Linde, in its letter to SEBI had also represented that the Exchange Offer will be extensively reviewed and approved in Germany by the Federal Financial Supervisory Authority ("German Authority") and the German Authority's Securities Supervision Directorate will undertake a formal scrutiny of completeness of the Exchange Offer documents and will assess whether the offer documents contain any infringements of applicable German laws. Additionally, Praxair will also need to make appropriate disclosures under applicable Delaware law and U.S. federal securities laws with the U.S. Securities and Exchange Commission ("SEC") for the proposed reverse triangular merger. The SEC will then review the disclosures and may issue one or more rounds of comments, to which the parties will be required to respond and only after completion of such review will the SEC declare the registration statement effective. Further, in order to effectuate the Proposed Transaction, under Delaware Law, the parties will also need to file a certificate of merger with the Secretary of State of the State of Delaware.

In consideration of the foregoing, Linde had requested SEBI to exempt the Proposed Transaction from the open offer requirement in terms of Regulation 10(1)(d)(iii) of the Takeover Code on the premise that although the Proposed Transaction will not require any specific approval from any court or tribunal, it will be subject to an extensive review process by the SEC and the German Authority and can only be undertaken on compliance with all the applicable laws.

SEBI's View

While SEBI took note of all the above averments made by Linde, it adopted a rather narrow and literal interpretation of Regulation 10(1)(d)(iii) of the Takeover Code to disallow the Proposed Transaction from availing the Open Offer Exemption. SEBI was of the view that in the absence of the Proposed Transaction being approved 'by a court or competent authority', the Proposed Transaction was disqualified from availing Open Offer Exemption.


While, the securities appellate tribunal ("SAT") in previous cases has deemed approvals issued by government officials such as the Secretary of the State in a foreign jurisdiction as an approval of a 'competent authority', thereby warranting the Open Offer Exemption, SEBI seems to have distinguished this in its informal guidance to Linde. In the case of Luxottica Group SpA, Ray Ban Holdings Inc and Bausch and Lomb Indian Holding Inc vs SEBI, while the SAT mandated the trigger of open offer due to the peculiarity of the factual background in the case, it is pertinent to note that the SAT in its order implicitly agreed with the argument that the certificates issued by officials of the State of Delaware establish that the merger has taken place in compliance with the Delaware law and the indirect acquisition of an Indian listed company arising as a direct consequence of a foreign merger should entitle such acquisition to the benefit of an automatic Open Offer Exemption.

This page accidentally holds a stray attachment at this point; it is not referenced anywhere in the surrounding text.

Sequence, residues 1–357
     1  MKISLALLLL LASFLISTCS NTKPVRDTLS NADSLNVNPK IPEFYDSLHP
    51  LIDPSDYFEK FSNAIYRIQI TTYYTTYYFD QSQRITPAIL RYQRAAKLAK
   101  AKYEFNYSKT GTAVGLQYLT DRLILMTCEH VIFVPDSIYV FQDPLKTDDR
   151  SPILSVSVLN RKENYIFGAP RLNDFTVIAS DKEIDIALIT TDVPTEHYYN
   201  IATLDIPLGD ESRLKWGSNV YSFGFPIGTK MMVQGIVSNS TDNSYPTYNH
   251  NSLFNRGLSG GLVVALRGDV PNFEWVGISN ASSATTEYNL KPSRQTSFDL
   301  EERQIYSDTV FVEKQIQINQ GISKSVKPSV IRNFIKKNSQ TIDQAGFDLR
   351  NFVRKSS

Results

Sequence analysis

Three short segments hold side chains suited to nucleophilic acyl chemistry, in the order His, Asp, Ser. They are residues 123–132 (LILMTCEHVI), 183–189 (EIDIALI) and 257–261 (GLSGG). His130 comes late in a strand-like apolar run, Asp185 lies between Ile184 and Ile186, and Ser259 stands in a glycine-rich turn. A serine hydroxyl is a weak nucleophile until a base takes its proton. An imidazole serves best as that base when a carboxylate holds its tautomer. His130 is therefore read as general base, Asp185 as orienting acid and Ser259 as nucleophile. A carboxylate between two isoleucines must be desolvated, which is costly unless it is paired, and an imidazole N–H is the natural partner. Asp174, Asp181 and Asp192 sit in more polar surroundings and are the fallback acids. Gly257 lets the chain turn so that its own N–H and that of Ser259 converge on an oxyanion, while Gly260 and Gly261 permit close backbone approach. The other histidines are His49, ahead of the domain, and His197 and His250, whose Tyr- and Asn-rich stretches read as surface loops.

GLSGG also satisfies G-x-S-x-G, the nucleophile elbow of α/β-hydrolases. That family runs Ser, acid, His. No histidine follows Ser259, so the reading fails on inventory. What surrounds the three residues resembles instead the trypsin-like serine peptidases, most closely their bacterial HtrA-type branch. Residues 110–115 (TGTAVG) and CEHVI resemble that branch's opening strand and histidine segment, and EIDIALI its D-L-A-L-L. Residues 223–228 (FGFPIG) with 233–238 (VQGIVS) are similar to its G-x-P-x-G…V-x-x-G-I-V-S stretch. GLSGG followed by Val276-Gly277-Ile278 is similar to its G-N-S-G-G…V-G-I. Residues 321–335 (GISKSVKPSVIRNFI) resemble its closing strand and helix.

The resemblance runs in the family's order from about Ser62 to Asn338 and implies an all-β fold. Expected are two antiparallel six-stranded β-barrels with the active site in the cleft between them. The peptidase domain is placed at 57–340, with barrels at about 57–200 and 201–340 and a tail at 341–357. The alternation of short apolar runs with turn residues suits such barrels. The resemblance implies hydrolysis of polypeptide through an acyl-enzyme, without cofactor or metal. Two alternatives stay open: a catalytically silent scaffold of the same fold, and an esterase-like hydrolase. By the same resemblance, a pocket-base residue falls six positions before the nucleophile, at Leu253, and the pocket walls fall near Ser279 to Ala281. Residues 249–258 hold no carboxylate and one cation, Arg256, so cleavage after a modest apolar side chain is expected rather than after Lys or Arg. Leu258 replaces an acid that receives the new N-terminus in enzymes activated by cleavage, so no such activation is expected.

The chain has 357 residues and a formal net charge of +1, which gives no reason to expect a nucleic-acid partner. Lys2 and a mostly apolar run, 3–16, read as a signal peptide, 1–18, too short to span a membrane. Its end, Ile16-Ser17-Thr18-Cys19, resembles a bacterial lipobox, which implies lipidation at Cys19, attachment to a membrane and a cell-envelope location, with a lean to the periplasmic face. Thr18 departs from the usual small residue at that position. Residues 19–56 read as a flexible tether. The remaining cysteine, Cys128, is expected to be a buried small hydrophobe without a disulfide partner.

In our view, SEBI's informal guidance in the matter of indirect acquisition of the Target Company is regressive and appears to have stemmed from the apprehension that the Proposed Transaction was structured in a manner to elude approval of court / competent authorities. SEBI, while issuing the interpretative letter in this case appears to have disregarded the existence of a robust legal regime of other jurisdictions merely due to the lack of intervention of a court / competent authority.

Such a constricted interpretation of the letter of law by SEBI was not warranted in this case and considering that both steps of the Proposed Transaction would have been extensively reviewed under the laws of Germany and Delaware.

Khaitan Comment

Our analysis of this informal guidance issued by SEBI draws strength from the Indian government's concerted promises and efforts to ensure 'ease of doing business' in India.

To keep up with evolving times, Indian regulatory authorities must transition from a literal approach to a more nuanced approach.

The content of this document do not necessarily reflect the views/position of Khaitan & Co but remain solely those of the author(s). For any further queries or follow up please contact Khaitan & Co at